Mordecai won the road fight

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webmaster | 10/19/12
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One hundred years ago, on Oct. 14, 15, and 16, the United States Secretary of the Interior, Walter Fisher, came to California to hold a conference to choose the best automobile route into Yosemite. The era of horse drawn stagecoaches into Yosemite Valley had drawn to a close.

More than 50 dignitaries, including John Muir, joined Fisher for the three days of deliberations, and two residents from Madera also participated. They were R. L. Hargrove and George Washington Mordecai.

Mordecai brought considerable influence to that fall conference. He had twice been elected to the California Assembly and just three months earlier had served as a delegate to the Democratic National Convention in Baltimore. He was widely and highly respected, and when he spoke, folks stopped to listen.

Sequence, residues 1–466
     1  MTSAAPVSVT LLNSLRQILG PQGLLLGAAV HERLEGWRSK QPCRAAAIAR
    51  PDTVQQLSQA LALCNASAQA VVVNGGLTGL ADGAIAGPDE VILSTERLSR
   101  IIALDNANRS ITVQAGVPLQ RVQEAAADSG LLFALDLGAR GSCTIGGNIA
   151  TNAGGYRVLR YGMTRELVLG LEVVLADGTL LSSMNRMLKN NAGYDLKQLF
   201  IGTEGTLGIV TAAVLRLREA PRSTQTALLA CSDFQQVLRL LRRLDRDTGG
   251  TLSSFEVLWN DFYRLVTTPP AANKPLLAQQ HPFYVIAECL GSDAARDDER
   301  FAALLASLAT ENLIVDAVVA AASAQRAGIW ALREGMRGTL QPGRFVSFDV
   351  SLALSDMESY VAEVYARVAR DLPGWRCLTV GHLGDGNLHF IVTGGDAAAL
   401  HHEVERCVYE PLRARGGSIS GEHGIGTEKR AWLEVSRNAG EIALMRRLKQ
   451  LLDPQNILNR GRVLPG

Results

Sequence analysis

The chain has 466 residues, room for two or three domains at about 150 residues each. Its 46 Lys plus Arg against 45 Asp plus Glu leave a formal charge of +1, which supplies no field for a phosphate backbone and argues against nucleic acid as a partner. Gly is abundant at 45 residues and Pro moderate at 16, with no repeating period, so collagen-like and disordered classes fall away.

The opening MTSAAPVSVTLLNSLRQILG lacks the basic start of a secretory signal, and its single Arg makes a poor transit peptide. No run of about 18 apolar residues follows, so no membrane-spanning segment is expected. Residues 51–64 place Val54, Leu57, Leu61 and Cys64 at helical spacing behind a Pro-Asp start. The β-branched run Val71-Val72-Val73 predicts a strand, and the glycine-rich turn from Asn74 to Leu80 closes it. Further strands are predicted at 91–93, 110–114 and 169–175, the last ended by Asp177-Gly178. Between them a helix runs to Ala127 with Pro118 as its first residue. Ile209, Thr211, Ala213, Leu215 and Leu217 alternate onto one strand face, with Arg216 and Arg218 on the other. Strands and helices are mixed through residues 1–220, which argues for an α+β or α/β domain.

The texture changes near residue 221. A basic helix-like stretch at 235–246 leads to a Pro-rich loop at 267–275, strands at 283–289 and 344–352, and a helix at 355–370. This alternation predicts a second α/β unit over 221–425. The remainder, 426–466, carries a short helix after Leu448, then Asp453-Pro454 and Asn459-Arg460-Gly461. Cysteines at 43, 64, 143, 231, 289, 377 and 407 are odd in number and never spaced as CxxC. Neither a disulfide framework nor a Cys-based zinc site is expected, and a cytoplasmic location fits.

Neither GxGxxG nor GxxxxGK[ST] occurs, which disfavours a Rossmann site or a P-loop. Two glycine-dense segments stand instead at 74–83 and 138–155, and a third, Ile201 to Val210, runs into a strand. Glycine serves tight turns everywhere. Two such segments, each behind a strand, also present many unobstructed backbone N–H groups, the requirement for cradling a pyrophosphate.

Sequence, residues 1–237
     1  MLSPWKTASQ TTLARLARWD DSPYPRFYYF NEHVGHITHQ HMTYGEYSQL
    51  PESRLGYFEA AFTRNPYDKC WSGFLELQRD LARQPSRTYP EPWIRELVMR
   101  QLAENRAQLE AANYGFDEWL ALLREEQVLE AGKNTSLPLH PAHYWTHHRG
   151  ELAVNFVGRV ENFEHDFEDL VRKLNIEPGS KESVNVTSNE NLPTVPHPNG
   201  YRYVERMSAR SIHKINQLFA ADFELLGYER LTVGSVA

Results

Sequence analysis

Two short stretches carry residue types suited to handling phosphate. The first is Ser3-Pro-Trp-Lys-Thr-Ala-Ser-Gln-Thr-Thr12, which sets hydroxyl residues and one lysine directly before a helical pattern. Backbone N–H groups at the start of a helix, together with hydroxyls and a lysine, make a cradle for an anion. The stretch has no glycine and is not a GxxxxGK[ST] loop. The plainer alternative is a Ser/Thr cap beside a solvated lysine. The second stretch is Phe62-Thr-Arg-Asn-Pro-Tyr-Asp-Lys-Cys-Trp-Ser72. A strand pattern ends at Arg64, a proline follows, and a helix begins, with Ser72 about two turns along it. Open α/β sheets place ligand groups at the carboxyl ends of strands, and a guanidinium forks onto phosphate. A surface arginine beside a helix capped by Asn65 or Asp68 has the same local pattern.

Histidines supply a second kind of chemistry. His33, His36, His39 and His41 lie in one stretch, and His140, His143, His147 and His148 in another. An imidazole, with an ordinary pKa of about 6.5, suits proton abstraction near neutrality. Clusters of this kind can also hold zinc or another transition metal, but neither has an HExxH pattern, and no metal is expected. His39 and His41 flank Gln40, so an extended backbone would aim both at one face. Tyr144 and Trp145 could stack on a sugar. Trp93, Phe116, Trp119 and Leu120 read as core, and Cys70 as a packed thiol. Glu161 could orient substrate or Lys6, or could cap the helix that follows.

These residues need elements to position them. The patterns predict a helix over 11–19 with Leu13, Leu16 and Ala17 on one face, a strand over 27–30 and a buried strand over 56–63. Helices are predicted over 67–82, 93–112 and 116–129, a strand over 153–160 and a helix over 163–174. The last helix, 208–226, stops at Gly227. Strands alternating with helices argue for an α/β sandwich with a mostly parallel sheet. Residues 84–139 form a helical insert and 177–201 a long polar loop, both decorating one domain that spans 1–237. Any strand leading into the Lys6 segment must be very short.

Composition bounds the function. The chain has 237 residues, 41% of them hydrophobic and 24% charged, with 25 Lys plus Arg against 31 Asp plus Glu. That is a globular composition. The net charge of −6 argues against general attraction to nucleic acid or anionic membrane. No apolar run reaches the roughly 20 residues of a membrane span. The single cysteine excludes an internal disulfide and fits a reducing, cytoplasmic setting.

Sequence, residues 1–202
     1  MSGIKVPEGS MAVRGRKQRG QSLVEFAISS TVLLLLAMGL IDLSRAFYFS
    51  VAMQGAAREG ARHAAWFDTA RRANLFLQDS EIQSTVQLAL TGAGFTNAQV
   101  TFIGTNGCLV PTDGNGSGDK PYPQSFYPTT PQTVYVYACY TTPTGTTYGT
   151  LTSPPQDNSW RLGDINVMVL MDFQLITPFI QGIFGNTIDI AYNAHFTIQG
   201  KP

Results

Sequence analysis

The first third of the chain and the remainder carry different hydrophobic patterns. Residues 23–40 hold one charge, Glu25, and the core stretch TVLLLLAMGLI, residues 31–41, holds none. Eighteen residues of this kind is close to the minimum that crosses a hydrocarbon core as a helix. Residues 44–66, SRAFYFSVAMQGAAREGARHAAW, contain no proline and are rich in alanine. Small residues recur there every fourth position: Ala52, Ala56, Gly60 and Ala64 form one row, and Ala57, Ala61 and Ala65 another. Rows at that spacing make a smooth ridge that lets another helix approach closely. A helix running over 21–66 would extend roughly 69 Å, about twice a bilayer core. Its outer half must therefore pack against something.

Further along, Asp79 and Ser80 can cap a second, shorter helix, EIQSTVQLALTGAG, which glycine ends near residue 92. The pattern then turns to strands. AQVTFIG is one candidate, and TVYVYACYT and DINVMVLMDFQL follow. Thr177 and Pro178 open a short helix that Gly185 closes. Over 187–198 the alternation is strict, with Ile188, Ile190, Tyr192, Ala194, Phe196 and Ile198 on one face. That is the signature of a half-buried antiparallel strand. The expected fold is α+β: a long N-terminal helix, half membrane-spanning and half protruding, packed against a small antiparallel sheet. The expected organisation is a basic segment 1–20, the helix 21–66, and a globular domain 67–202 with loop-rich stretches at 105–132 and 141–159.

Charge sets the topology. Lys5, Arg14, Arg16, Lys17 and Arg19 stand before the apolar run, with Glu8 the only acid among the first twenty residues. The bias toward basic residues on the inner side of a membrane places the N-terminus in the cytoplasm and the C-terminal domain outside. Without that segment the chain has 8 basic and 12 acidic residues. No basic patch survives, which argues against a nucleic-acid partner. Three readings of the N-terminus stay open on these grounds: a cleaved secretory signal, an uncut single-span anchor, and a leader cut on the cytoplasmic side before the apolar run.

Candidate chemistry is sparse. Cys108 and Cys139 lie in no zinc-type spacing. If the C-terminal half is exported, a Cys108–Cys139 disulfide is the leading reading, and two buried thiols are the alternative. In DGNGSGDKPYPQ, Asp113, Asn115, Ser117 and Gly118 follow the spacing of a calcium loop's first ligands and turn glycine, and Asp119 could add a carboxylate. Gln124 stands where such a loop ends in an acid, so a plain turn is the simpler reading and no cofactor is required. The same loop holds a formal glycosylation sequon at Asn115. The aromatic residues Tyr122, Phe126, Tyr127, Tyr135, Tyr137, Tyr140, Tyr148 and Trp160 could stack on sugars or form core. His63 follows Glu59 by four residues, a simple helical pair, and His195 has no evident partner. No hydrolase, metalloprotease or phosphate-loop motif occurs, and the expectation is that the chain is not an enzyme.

Thus, it came as no surprise when the former Assemblyman from Madera rose to make an argument, he commanded everyone’s attention. Mordecai said he opposed turning the Big Oak Flat wagon trail, which ran through Merced County to Yosemite, into the first automobile road to the Valley. He had a much better idea...

 

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